No longer. After returning to Clay County in March 2009, he began walking daily for exercise, but still felt something was missing. At a checkup in February -- where he weighed 226 pounds, the most he had ever weighed -- he was motivated to join the North Mississippi Medical Center-West Point''s Wellness Center and now rarely misses a day, even though his diminished eyesight means he has to rely on others for transportation.
"I can''t do anything in moderation," said Walker, who revels in the adrenaline rush of exercise. "I finally found somewhere that I can use my obsessive-compulsive disorder for something good!" In less than seven months, he has lost 30 pounds and feels better than ever.
"I go every day, not because I have to but because I want to," he continued. "If I''m not there, they want to know what''s wrong with me. It''s good to be missed, because I remember a time when nobody wanted me around."
He''s come to terms with his glaucoma. He uses a 37-inch LCD computer screen, large print books and a magnifying light, but reading is still a struggle. But, he said calmly, "I see what I need to see. It''s like the song, ''Amazing Grace,'' ''I once was lost, but now I''m found, was blind but now I see.''"
Road to recovery
For others who may be struggling to overcome addictive behaviors, Walker believes the crucial first step is to take ownership of all you do. "It''s total surrender, to admit what you''ve done; it''s hard for an adult to do. But if you don''t surrender and admit defeat, then you''re not through getting whipped."
He highly recommends support groups and 12-step programs, "and you''ve got to surround yourself with the right people. ... It''s so easy for a negative attitude or depression-like symptoms to creep in."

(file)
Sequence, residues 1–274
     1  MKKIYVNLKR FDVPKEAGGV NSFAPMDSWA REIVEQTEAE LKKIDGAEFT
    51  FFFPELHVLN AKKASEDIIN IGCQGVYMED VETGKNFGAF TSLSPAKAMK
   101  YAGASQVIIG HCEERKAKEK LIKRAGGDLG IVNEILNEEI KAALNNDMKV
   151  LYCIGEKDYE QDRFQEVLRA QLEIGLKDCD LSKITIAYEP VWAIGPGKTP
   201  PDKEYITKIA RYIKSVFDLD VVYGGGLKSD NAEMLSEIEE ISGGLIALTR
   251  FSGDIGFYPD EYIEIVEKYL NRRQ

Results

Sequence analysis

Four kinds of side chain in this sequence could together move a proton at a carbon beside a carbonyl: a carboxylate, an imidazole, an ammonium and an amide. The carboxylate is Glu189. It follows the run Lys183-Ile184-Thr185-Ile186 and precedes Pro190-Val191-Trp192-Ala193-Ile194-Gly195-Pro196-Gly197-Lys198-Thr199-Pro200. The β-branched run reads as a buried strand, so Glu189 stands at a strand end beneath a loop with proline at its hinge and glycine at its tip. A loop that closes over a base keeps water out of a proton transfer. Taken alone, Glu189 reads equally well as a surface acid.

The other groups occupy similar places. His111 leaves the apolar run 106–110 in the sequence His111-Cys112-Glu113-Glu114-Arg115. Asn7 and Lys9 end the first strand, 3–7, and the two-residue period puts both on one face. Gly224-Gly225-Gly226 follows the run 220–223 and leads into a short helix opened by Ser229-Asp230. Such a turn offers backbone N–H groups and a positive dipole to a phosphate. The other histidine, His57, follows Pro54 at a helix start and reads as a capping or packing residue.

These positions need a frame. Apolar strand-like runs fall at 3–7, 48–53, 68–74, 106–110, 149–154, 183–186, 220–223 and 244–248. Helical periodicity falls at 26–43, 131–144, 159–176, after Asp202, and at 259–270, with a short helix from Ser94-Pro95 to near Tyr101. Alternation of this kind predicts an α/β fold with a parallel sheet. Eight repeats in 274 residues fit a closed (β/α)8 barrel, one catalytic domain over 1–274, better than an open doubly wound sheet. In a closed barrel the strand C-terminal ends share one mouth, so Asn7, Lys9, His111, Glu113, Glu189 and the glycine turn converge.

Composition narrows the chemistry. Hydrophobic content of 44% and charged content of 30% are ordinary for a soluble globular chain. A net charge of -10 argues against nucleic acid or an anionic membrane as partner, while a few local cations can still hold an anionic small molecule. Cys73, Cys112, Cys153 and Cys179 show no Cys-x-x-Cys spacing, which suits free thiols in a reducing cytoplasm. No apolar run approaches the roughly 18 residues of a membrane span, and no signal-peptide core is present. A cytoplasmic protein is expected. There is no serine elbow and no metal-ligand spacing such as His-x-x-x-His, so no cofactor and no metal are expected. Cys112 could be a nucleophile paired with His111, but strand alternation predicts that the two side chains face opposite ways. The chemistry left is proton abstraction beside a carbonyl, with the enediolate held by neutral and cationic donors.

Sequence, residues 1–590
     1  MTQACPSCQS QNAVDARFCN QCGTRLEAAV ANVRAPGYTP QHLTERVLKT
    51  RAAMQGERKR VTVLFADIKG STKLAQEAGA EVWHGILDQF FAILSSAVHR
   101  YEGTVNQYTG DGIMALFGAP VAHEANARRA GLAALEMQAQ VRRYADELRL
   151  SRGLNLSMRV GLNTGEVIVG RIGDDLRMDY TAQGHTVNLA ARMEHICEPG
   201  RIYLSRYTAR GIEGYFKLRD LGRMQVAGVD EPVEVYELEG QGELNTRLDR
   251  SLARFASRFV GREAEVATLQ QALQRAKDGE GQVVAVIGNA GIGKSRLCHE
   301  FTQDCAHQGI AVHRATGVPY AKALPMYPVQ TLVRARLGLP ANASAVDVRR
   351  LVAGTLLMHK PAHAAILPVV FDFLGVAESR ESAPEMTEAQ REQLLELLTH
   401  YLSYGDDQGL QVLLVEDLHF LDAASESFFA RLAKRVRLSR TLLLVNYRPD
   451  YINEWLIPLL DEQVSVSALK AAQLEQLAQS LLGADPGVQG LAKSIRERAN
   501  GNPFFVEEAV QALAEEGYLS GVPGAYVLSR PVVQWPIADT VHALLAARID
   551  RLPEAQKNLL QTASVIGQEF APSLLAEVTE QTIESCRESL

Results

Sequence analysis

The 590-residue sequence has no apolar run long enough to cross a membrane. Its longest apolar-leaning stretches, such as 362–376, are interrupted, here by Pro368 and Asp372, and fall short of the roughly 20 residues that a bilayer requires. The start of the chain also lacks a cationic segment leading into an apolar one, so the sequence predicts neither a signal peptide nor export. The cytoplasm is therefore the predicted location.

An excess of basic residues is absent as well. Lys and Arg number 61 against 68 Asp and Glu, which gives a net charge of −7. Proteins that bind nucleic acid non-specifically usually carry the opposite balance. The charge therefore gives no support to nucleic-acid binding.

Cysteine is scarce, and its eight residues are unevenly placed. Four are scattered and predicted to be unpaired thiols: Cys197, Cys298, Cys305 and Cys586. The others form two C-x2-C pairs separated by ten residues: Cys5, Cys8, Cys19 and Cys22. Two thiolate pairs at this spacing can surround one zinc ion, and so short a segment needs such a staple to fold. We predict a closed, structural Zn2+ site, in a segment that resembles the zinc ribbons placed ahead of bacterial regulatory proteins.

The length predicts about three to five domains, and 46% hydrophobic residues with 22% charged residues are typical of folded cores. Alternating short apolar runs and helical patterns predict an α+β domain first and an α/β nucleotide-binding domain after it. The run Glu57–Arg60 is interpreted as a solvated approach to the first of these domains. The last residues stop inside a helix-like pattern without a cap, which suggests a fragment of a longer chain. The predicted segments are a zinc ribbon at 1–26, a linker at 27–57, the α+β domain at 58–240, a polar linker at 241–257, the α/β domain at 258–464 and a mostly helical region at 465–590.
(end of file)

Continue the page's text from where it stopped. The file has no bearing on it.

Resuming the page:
The people connection
A personal incentive for Walker has been the support of others. "So many people went to bat for me, whether it was signing petitions or meeting with the judge ... It finally got into my thick mind that they must think I''m worth something, or they wouldn''t have gone way out of their way to stand up for me," he said with gratitude.
He stresses the point that he is no saint, that he is not special -- only that he''s been blessed and can "put feet" to a message that may resonate with others seeking recovery.
"I don''t know everything, but I can sure tell you what I''ve been through, and go through every day to fight this thing that wants to control me. They can''t BS me about this addiction stuff; I know what it''ll do." He feels talking to others isn''t an option -- it''s a responsibility.
"I''ve come to really understand what I stand for and who I am. I''ve realized you can''t go in the wrong direction and reach the right destination."
As his birthday draws near, Walker is thankful for the changes that have come his way this year. "I was always chasing happiness, thinking ''I''ll be happy when this happens or I''ll be happy if I get that," he said. "I finally figured out that happiness is a choice. I can be happy when I choose to be."
(Editor''s note: The Dispatch thanks Deborah Pugh of North Mississippi Medical Center for some of the information contained in this article.)
Jan Swoope is the Lifestyles Editor for The Commercial Dispatch.